Google TV Hopes To Click With Social Recommendations

Google TV's about to get a social discovery injection, courtesy of Redux—a website-based content discovery system—that could help transform it into a friendlier, customer-curated place.

Google TV

Redux, a website-based TV content discovery system that describes itself as supplying "friendsourced entertainment," is announcing today a partnership with GreeneStreet Films and Google to bring its system to Google TV. The idea is to add in a truly social-powered discovery system to Google TV that may have been lacking before, despite Google TV's description of itself as "a new experience that combines TV, the entire web, and apps—as well as a way to search across them all." Yup—Google TV just got friendlier.

Redux likes to say that it offers the feeling of "traditional veg-out TV" that we've "all come to love," and other reviewers have indeed labeled it as supplying "leanback TV" in a connected TV environment. The problem seems to be that with Google's connected TV experience, the offerings (and perhaps interface too) require too much hands-on, "lean-forward" interactivity from the viewer, including active navigation and search. Redux's system seems a little like Apple's Genius music recommendation service in iTunes in that it suggests content you'd like to experience—but unlike Genius, or YouTube's recommendations based on your viewing history, Redux blends in experiences from your friends, "interesting curators" and other "influencers."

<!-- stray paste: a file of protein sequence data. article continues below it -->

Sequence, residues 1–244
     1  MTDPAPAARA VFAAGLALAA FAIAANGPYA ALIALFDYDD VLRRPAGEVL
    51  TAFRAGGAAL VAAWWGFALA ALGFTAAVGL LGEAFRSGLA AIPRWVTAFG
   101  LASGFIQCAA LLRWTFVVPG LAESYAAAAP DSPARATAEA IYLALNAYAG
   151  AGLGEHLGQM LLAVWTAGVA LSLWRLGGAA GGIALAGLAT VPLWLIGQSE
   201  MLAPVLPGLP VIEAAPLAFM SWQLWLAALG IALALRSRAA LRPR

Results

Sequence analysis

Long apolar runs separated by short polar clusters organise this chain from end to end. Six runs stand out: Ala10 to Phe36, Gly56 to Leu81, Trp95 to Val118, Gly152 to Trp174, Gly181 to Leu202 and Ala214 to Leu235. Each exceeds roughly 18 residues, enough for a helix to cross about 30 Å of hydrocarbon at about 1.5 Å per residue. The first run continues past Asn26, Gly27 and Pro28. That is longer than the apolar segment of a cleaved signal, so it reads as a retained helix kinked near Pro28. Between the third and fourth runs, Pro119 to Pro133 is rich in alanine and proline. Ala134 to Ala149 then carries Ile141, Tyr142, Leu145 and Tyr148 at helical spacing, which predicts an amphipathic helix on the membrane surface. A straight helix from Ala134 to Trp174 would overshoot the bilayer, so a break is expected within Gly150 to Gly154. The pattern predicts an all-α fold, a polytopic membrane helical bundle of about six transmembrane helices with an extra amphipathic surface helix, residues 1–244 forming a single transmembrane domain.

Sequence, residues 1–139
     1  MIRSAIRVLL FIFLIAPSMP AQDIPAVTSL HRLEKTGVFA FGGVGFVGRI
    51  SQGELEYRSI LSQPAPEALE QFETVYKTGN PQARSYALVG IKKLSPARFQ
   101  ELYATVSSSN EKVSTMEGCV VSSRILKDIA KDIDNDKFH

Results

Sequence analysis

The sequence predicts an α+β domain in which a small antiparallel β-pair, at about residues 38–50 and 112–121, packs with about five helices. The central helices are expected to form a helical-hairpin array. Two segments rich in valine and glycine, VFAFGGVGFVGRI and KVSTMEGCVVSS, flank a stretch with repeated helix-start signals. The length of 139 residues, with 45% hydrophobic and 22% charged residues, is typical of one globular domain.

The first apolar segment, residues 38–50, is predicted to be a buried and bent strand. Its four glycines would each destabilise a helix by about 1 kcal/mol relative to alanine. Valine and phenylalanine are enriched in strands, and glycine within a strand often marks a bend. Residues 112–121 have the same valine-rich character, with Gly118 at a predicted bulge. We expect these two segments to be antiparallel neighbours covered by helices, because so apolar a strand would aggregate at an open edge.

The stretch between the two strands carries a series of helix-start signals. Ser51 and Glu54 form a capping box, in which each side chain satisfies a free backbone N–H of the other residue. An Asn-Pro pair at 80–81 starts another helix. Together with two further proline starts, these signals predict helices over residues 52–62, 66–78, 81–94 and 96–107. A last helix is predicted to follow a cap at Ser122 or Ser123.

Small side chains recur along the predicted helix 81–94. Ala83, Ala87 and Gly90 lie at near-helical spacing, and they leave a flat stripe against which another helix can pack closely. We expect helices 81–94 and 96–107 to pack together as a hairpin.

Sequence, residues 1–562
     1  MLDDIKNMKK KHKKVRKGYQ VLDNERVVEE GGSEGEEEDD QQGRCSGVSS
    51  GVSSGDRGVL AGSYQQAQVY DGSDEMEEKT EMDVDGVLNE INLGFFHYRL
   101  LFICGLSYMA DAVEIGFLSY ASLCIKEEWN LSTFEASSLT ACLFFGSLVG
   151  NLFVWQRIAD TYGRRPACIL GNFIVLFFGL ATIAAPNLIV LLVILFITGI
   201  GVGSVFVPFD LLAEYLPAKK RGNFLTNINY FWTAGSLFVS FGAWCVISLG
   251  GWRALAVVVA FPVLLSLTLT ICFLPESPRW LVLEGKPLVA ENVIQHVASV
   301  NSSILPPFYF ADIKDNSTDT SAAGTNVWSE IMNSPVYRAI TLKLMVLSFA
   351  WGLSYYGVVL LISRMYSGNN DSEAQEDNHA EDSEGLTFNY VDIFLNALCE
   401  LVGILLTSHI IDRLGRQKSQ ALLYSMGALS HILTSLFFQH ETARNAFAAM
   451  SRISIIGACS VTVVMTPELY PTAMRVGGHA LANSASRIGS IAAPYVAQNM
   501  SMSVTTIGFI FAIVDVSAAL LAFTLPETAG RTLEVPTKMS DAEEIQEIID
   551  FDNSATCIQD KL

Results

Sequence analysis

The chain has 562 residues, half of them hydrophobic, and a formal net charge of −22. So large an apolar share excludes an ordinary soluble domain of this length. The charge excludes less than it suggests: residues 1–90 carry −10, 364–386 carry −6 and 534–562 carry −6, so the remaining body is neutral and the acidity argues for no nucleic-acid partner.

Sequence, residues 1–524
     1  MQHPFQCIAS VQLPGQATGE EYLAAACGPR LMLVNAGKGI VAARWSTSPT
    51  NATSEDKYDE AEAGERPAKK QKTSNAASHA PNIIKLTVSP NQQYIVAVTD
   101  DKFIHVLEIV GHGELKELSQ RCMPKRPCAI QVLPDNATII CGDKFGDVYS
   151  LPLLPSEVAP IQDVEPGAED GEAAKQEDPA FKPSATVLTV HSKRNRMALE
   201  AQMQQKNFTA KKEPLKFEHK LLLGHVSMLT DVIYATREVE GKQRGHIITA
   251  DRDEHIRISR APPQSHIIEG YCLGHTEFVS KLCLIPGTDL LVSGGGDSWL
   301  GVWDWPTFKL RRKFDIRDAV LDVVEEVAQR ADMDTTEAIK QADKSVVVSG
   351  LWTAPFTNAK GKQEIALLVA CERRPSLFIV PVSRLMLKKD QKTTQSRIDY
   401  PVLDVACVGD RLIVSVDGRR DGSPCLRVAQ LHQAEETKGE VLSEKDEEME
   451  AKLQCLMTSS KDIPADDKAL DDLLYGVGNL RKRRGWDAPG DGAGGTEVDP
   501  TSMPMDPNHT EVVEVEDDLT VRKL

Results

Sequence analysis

ReduxThe goal is to "help you discover video you'll love," and it works almost like a traditional TV system with content spooling automatically. Instead of coming from the minds of channel programmers, however, it's based on algorithms—and if you don't like what you're watching, you can use the typical up/down remote controls to surf to something new. Over three million users arrive at Redux's website every month, so it's certainly offering something desirable.

To entice Google TV viewers to take part, films and videos from producers like Thrillist, Dangerous Minds, and GreeneStreet (the production company behind Crank) will be available, and they've also curated some of the content available to Google TV to try to pull together compelling viewing packages.

Will this help Google TV? It may, at least as far as existing Google TV owners are concerned, but it's also likely a tough, complex sell to potential new buyers. Google TV could probably do with the new tech injection, however, because hardware partner Logitech's sales figures are being widely taken as a sign Google TV is struggling.

[Image: Flickr user dailylifeofmojo]

Chat about this news with Kit Eaton on Twitter and Fast Company too.

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